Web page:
I have probably seen John Sayles’ The Brother From Another Planet (1984) almost a dozen times. I first saw it when I was in high school, bored, flipping through our cable channels. I was skeptical at first, given the low budget special effects, but the film quickly sucked me in. Last year I taught in a college course my co-instructor and I put together called Race and Gender in Science Fiction Film. Through all my viewings, that was my first experience watching it with a large group of people and I fell in love with the film al over again for its uncompromising politics, its connections between people of color, and its biting wit.
The film follows an escaped alien slave, played by Joe Morton (who never gets a name in the film), who crash lands on Earth. But not only Earth, but Harlem, baby! Morton’s character, who is black and mute, has to learn to navigate Harlem circa early 1980s, before gentrification and upwardly mobile white faces replaced all black, in the grips of drug epidemic, crushed under the weight of Reaganomics, shaped by the factors of benign and not so benign neglect.
Morton’s character also has to contend with two slave catchers on his trail for his planet, Men in Black, played by director Sayles and David Strathaim, intent on recapturing him and taking him back. There is a hilarious and touching scene when the Men in Black come looking for Morton at a bar he has hung out at, and all the black people there defend and protect him. They know he is strange, they don’t know exactly what he is running from, but they know he is lost, he is black, and he needs protection. This look at community shows the beauty and the humanity breathing underneath the layer of grim dumped on the ghetto. It is an understanding that communities of color are places of strength and support, not just monstrous nightmarish landscapes as they are portrayed in mainstream culture.
Brother is clearly a critique and comment both about the history of black folks in this country, and the realities of immigration, and it is the film’s deft ability to show the connections and commonalities between the two that makes it a monumental film. When Morton’s character first crashes here, he lands in Ellis Island, now empty and derelict. One of his special powers is to be able to touch an object and sense the emotions, the history associated with it. Everywhere he touches in Ellis Island, we see him writhe in pain from the collective history there. We here the voices of immigrants crying, yelling, pleading in different languages. And we see Morton, voiceless (a powerful commentary on the state of black people and immigrants in this country), scream wordlessly as he falls to his knees with the historic pain of the American dream, a dream deferred.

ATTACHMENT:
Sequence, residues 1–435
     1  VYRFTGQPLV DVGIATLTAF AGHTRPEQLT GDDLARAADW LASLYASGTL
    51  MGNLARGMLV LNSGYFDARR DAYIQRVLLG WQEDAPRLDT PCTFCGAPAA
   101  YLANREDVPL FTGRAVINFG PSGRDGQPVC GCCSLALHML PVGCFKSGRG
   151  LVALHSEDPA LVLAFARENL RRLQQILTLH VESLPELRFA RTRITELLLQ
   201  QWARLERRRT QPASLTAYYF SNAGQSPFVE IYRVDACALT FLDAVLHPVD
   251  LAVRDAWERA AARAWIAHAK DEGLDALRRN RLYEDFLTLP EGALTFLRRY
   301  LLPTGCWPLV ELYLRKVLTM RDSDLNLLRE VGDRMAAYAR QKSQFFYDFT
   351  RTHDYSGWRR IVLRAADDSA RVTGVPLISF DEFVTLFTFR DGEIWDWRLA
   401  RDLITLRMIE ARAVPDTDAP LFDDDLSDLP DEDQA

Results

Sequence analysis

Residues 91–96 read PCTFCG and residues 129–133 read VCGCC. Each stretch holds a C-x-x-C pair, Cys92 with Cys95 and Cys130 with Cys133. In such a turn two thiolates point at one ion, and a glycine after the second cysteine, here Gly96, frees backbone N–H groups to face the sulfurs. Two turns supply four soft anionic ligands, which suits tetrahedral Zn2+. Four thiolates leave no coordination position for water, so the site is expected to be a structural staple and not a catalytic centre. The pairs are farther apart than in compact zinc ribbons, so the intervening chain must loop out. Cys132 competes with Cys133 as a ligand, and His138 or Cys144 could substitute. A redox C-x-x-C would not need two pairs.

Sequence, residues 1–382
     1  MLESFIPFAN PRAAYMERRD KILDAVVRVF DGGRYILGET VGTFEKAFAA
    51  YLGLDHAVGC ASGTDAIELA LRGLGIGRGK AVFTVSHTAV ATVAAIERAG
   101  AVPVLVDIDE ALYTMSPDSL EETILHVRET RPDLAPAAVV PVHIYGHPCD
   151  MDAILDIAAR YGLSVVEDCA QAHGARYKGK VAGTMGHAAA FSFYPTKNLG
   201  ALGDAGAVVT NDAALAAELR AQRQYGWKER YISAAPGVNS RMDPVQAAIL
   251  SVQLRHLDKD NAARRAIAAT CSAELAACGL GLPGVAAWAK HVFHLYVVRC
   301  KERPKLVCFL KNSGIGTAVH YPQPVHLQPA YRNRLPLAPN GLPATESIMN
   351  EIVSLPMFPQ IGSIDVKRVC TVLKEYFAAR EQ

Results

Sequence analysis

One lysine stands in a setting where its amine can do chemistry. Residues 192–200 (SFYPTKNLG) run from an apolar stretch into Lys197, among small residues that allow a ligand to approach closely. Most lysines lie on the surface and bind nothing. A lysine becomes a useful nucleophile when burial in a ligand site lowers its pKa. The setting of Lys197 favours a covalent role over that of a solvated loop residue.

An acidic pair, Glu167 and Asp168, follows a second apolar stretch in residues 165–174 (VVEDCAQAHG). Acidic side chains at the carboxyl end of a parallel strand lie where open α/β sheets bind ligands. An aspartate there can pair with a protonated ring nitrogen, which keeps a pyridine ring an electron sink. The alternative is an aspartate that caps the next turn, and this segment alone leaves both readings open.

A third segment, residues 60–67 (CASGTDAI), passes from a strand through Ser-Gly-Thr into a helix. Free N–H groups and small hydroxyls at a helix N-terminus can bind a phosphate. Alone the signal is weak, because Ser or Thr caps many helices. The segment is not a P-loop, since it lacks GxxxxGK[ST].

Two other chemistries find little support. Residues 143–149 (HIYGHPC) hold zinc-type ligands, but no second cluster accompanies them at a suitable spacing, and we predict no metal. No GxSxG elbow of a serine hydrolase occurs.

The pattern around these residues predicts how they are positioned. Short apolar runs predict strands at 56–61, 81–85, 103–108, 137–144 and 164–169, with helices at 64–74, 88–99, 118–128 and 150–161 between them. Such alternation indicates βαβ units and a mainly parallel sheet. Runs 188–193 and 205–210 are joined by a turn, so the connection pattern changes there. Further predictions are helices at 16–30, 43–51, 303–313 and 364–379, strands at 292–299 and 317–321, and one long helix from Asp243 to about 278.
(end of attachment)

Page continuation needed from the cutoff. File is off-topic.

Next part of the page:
The film is rife with humor, like the old black saying, “You gotta laugh to keep from crying.” In one scene, Morton’s character is riding the subway. A white card hustler comes up to him and asked if he wants to see a card trick, and takes him through a complicated set up. He asks if Morton wants to see another trick, “Want to see me make all the white people disappear?” the train stops at Columbia Circle, the stop right before Harlem, and the train empties of white faces. The white hustler looks back at him, winks, and says, “See? What’d I tell ya?” A deceptively simple and yet burning commentary on gentrification and red-lining.
But for me, the most important aspect of this film is that we see the world through the eyes of the alien, the other. In most films, we are looking at the outsider as foreign, strange, horrific, dangerous – which is much the same way our immigration policy goes today. When we speak of “Americans,” we are often using code words for white native born citizens. Anyone not of that category is foreign and alien. Brother flips it, shows us how truly nightmarish American society is from an outside perspective, especially in relationship to the experiences of people of color.
In the end of Brother From Another Planet, it is through the solidarity of the other runaway slaves, the immigrants and the refugees, in conjunction with the solidarity of the black community in Harlem, that Morton’s character achieves his freedom, defeats the Men in Black and begins to understand that though this place called Harlem is not his home, it can be a home for him, and that that, in the end, is enough.